Thanksgiving, a holiday centered around smells wafting from the kitchen and dishes loaded with food, has become a different kind of tradition for Rachael Fischer and Julie Foge. Both moms have kids ― a son and a daughter, respectively ― who have been diagnosed with Prader-Willi syndrome, a genetic condition that causes an insatiable appetite. Foge’s 3-year-old daughter, Eliza, was diagnosed with PWS, which can also cause weak muscle tone and developmental delays, when she was barely 2 weeks old.
As the gift-giving holidays creep up at the end of the year, so do the lists of “the best,” “the hottest” and “the must-have” toys that “will be on every kid’s list.” But according to whom? And based on what? Turns out, no method is the same ― there’s no “hottest” toy committee ― when it comes to choosing the toys that will bring the most holiday cheer. Read below to learn how four companies come up with their annual holiday toy lists.
Kirby Corbey’s 4-year-old son, Emmett, still has a scar on the back of his arm. It’s a symbol of his tough journey as a preemie. Corbey’s uterus ruptured when she was 32 weeks pregnant. She had a C-section, and Emmett was born weighing 4 pounds. Her uterus had squeezed Emmett’s arm so tightly that he was left with a scar.
Muck Rack makes it simple to find people, tweets, or articles that mention any name, keyword, company, hashtag etc. We've compiled this guide to help you make the most of your search.
Selecting a term
Start searching tweets, articles from media outlets, articles mentioned in tweets, journalists'
names, titles and bios with some suggested searches:
Companies or Topics (e.g. iPhone, Microsoft)
Phrases (e.g. "cloud computing") — use quotes to keep the terms together
Twitter handles (e.g. @username) — returns those who have mentioned or replied to
Names (e.g. "David Pogue")
Hashtags (e.g. #sxsw, #london2012)
Bio details (e.g. vegan, Olympics, father)
Muck Rack's Advanced Search allows for many boolean operators.
Find results that mention multiple specified terms, use AND or
+. For example, ensure each result contains both Elon Musk and Mark Zuckerberg by
searching Musk AND Zuckerberg or Musk + Zuckerberg.
Use the operators OR or , to broaden your search when you'd like either of
multiple terms to appear in results. (This is the default behavior of our search when no operators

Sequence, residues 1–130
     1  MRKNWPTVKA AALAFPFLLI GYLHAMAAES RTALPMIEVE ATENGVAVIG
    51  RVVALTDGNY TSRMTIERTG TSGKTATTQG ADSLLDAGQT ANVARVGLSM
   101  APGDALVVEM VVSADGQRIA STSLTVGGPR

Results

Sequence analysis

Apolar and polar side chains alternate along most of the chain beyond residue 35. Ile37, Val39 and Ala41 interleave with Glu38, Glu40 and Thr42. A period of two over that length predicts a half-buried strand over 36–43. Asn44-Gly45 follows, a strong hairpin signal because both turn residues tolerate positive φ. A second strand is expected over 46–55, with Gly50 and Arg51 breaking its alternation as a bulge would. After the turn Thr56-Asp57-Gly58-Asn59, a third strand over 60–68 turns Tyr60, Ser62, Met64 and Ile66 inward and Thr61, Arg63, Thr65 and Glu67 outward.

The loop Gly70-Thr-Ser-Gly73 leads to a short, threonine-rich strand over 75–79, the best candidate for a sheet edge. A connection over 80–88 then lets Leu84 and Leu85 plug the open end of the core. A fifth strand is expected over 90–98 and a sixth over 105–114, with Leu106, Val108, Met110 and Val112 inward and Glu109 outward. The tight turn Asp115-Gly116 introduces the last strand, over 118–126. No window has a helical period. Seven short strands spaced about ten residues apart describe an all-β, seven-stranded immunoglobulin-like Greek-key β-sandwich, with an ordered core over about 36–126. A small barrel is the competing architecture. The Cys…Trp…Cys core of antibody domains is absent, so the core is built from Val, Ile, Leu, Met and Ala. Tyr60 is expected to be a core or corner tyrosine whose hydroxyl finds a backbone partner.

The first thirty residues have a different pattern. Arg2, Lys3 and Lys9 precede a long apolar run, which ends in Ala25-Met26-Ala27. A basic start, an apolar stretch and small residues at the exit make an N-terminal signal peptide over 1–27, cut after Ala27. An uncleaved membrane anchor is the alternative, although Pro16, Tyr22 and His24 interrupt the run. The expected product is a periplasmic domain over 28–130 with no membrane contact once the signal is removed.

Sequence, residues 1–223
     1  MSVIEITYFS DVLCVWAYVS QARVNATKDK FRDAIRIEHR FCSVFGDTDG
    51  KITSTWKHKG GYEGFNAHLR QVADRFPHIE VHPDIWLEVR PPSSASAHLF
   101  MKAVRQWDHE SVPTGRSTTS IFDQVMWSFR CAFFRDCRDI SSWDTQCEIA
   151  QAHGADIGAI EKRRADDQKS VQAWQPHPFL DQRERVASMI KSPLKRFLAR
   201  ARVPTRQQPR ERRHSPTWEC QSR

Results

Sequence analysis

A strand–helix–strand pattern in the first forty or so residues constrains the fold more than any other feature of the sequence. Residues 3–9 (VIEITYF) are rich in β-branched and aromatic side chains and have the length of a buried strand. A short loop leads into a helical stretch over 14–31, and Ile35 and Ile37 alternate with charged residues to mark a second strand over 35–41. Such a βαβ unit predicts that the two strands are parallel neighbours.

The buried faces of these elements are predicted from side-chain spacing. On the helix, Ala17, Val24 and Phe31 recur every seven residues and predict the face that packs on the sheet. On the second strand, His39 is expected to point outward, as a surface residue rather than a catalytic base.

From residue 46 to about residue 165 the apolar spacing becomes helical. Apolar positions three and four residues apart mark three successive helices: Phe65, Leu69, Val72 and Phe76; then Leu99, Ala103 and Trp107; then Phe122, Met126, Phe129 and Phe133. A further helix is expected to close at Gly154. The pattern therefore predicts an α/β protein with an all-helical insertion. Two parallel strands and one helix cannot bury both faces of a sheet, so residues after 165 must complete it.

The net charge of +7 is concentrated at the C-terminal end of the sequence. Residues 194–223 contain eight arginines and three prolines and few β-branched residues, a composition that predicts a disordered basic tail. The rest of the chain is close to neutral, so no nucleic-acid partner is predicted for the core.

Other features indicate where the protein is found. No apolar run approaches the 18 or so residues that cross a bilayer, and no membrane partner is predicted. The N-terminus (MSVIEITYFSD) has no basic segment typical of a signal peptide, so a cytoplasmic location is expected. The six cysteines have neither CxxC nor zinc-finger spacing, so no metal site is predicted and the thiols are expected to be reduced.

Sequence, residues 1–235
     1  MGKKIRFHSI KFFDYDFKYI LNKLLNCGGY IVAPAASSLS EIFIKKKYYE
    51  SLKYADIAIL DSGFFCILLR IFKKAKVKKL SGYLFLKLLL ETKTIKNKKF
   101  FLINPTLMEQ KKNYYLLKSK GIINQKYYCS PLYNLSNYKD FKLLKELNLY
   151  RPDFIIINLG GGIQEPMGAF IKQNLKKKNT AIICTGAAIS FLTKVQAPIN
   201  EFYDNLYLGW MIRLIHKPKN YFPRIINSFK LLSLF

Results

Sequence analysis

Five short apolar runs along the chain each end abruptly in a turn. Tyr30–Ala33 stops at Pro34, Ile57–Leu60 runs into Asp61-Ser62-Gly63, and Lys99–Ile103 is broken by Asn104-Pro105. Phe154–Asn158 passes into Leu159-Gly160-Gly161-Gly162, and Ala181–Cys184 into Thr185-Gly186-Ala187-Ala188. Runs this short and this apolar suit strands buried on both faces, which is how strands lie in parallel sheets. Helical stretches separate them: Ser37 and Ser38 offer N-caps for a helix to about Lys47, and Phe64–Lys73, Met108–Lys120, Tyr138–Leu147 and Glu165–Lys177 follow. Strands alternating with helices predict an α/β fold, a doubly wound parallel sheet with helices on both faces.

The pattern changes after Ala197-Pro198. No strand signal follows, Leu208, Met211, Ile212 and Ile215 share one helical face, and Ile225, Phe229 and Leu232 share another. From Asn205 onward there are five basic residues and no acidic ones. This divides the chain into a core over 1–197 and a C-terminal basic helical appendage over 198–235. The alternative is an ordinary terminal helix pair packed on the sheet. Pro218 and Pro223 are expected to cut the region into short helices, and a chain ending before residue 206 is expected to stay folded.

are used). For example, results will contain either cake or cookie by searching cake OR cookie or cake,cookie
Use NOT or - to subtract results from your search. For
example, searching Disney will yield results about the Walt Disney Company as well as Walt Disney
World Resort. To exclude mentions of Disney World, search for Disney -World or Disney
When using one of these operators with a phrase, enclose it in quotation marks. For example, you can
find results about smartphones excluding Apple's iPhone 4S by searching smartphone -"iPhone
Exact case matching or punctuation
If you're searching for a brand name or keyword that relies on specific punctuation marks or capitalization, you can
find results that match your exact query by adding matchcase: before the keyword you're searching for, like matchcase:E*TRADE .
Use parentheses to separate multiple
boolean phrases. For example, to find journalists talking about having fun in Disney World or
Disneyland, search for ("disney world" OR disneyland) AND fun.
An asterisk can be used to search for any variation of a root word truncated by the asterisk. For example, searching for admin* will return results for administrator, administration, administer, administered, etc.
A near operator is an AND operator where you can control the distance between the words. You can vary the distance the near operation uses by adding a forward slash and number (between 0-99) such as strawberries NEAR/10 "whipped cream", which means the strawberries must exist within 10 words of "whipped cream".